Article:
We aren’t laying of admin’s here either. We are laying off teachers and aides. What kind of single celled organism thinks laying off support staff is a good idea? My daughter is classified as special needs. Her best aide has been let go. So now who is going to help my daughter learn math with her extensive short term memory loss? I suppose I’ll call our Superintindent and see if he can take the Mon-Wed-Fri 8:00am to 9:15 time slot she’s accustomed to.

  3. karenzach April 18, 2011 at 1:41 am #

    You don’t want to get me started. Married to a teacher, who is on the negotiating team for this year’s contract. I think this stinks tho… absolutely no reason ever to hand out notices in this fashion. It’s designed to create chaos.

  4. Simply Darlene April 18, 2011 at 10:00 am #

    Indeed, the timing and manner of lay-off notifications showed great disrespect and lacked compassion. When mass lay-offs hit my husband’s pulp mill a couple years ago, managers were notified only the afternoon prior to the mill-wide announcements. Nobody’s jobs were secure and our phone rang non-stop until midnight. He didn’t have any concrete answers but at least he had respect for his staff.

  5. Helen April 18, 2011 at 11:12 am #

    When I was rifted, I was told in the morning, before class. I was not given the option to go home, and told that the principal would tell children in due time, so I should not. I didn’t cry though. Somehow I was able to hold it together. I suppose that is because my mom was ill at the time, and I knew I’d need to stay home with her when she got out of the hospital.
    My homeroom and other students, however, were told about it during the class of another rifted teacher. They came to me with many questions, but I did not feel it would be professional of me to make announcements that should have been made by the principal. The principal was holding a meeting the next week to tell parents there would be staff cuts. I told the students they should ask their parents to ask their questions at the meeting. I was later called out by the principal for it, because all she wanted to do was say “there will be cuts” and did not want to take questions (and she didn’t.) The principal made the announcements at the assembly the last day of school. My students had already figured out though that if I was staying, I would have told them and reassured them (that, and the other teacher pretty much said “Yeah, she’s out too, she just doesn’t want to upset you). The only reassurance I gave them the last few weeks was “God works out all things for the good of those who love Him. We love HIm, right? So then in the long run, it doesn’t matter whether I stay or go, because He will work it out for the good of us all. ”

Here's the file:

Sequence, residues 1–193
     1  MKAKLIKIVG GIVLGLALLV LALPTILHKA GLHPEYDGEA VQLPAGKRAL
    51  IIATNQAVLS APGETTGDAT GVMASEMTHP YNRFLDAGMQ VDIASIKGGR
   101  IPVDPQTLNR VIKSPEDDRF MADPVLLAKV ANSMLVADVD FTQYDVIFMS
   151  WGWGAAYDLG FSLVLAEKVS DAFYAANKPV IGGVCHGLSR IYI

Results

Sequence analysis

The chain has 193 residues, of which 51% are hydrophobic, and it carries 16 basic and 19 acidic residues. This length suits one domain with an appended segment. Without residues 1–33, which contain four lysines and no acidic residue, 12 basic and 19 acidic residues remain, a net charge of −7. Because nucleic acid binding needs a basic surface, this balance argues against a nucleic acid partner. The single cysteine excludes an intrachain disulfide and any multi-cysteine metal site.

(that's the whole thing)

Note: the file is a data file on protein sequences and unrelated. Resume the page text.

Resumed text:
My point? The kids are always the ones who suffer the most. I’m for being open and honest and gentle. I wish my principal had been as well.

  6. Jeff April 18, 2011 at 11:35 am #

    This was interesting and well written, but it contained too many statistics to be a rant. It was almost a diplomatic discourse. Still, I can feel the anger, and I would be angry, too. I can’t say this superintendent doesn’t love the students, but i’d say with confidence that he loves himself and his agenda more than he loves students.

    We’re losing teachers up here and have been for years. I wonder what school will be like in 3 1/2 years when Jakob starts kindergarten.

  7. Hazel Moon April 18, 2011 at 12:52 pm #

    We watched a documentary recently on why kids in the USA are not learning. Seems in some states, certain teachers are paid to sit in a special room and play games, read books, or the newspaper, watch TV of what ever, because they are not good teachers. This waste of School money is because of the Teachers Union, who makes these calls for high pay regardless if the teachers can teach or not. I am certain in your town you only have excellent teachers. And I applaud your stand to take down more of the administration jobs. More Government (Unions) only causes more trouble. Teachers should have the option to accept less pay and keep their job. The Substitute teachers who wait in the wings are being paid by someone!! My blog today “Picketing” is about Union workers in the Farm industry, but it applies to all Unions. I was forced to join the Union against my will, and almost quit my job, but my husband convinced me to hang in there until retirement. The union did nothing for me except take my union dues.

  8. Herbie Gookins April 18, 2011 at 12:59 pm #

    Rant on!

    I found it quite entertaining!

    And annoying.

    Not you, the way it was handled.

  9. Hazel Moon April 18, 2011 at 1:36 pm #

    Sorry about your mother’s tires slashed by the union pickets, when she refused to join the union and crossed the picket lines when they went on strike. They did not care that she was a single mother of 4 at the time managing the stores deli.